Wednesday, February 23, 2011

More on GMOs

Forbes makes the legal case against labeling:
Courts have evaluated government’s authority to impose labeling on products under the jurisprudence of commercial speech. A key part of this jurisprudence is to determine what is the state’s interest in restricting or requiring certain speech. In the 1996 U.S. Court of Appeals for the Second Circuit ruling IDFA v. Amestoy, the court held that a Vermont law requiring milk producers to affix a label if the milk came from herds given bovine growth hormone (rBST) violated the First Amendment. The court explained that Vermont’s stated interests in adopting the law – strong consumer interest and the public’s right to know – were not substantial enough to justify “the functional equivalent of a warning about a production method that has no discernible impact on a final product.” Had Vermont advanced a public health or safety purpose for the labeling law, the court would likely have held it to be substantial. But the state could make no such case, as FDA had definitively concluded that rBST “has no appreciable effect on the consumption of milk.”

The situation in Amestoy parallels the GE food labeling matter. If FDA or the Agriculture Department had determined that genetically enhanced foods were different, then such a finding would provide the substantial interest government needs to compel a “warning.” But that is not the case, and the fact that people may be “leery” of GE foods would be, under the reasoning of Amestoy, an insufficient justification for mandatory GE labels. If the government imposed a label to support some inchoate “consumer interest,” there would, as the Amestoy court put it, be “no end to the information that states could require manufacturers to disclose about their product methods.”
And Samuel Fromartz counters McWilliams on the risks of GM drift with lots of links to instances of past GM contamination, but I want to highlight the issues he brings up for organic farmers:
Then there's the organic sector, where buyers are already refusing crop shipments due to GM contamination, certifiers have told me. McWilliams stated this shouldn't be a problem. "The organic industry already allows less than 5 percent of its crops to be contaminated with synthetic pesticide drift," he wrote. This is just flat out wrong.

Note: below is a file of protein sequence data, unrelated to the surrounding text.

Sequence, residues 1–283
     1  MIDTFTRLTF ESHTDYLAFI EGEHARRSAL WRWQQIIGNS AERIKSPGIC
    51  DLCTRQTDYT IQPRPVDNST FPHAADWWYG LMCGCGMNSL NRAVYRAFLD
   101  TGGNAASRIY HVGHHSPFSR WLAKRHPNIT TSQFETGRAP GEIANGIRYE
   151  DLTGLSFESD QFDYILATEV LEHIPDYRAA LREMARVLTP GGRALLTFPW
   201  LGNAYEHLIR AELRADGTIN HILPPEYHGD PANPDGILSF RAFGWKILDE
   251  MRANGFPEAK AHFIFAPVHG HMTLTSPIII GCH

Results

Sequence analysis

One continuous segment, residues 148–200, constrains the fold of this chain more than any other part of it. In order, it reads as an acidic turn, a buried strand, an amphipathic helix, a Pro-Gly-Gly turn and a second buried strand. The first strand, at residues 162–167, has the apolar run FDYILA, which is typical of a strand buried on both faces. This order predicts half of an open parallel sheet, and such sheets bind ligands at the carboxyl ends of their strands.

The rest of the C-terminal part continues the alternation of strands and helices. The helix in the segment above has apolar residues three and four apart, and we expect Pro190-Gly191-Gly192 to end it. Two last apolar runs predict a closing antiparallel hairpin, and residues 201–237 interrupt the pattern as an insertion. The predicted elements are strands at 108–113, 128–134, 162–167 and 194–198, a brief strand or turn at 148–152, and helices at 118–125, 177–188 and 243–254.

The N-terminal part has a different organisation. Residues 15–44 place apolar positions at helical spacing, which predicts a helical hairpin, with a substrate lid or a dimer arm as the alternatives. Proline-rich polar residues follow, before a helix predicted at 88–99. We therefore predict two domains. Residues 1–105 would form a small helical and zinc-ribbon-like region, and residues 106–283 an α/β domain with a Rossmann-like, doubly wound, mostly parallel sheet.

According to the USDA organic regulations, a product can't be labeled organic if it is found to have a prohibited substance (such as synthetic pesticides) at greater than 5 percent of its EPA tolerance level. What does that mean? Say the EPA allows a pesticide residue at up to 100 parts per million (ppm). If testing detects more than 5 ppm of that pesticide on an organic crop, it can't be sold as organic. That does not mean 5 percent of your organic crop can be contaminated with synthetic pesticides. And if synthetic pesticides are found, even from drift, the farmer has to find ways to mitigate the problem or risk losing certification.

In any case, that point is irrelevant, because genetic engineering is not a "prohibited substance" under organic regulations, where such thresholds apply. It's a "prohibited method." There is no stated threshold for its presence, so it's really not up to the organic farmer to just accept it. If organic seeds test positive for genetic modification, they can't be planted by organic farmers to feed their organic cows. That's just the law.
I'm not a lawyer, but I find the Forbes argument fairly convincing... unless opponents can prove (with well controlled and executed scientific studies) that GMO's present some kind of danger to consumers I don't know that it's the government's place to warn against it.  That people find them "icky" doesn't seem to be enough. Perhaps a food policy reformer lawyer will come forward with a counterargument, but I'm willing to accept this as valid reasoning until informed otherwise.

The second part I find both encouraging and troubling... encouraged since it seems the organic certification protects you completely from GMOs, but troubled that this means any GM drift is a real threat to that business model. I claim no expertise on this issue, so I'd be very interested to see a rebuttal from the pro GMO camp as to how organic farmers can protect their crops.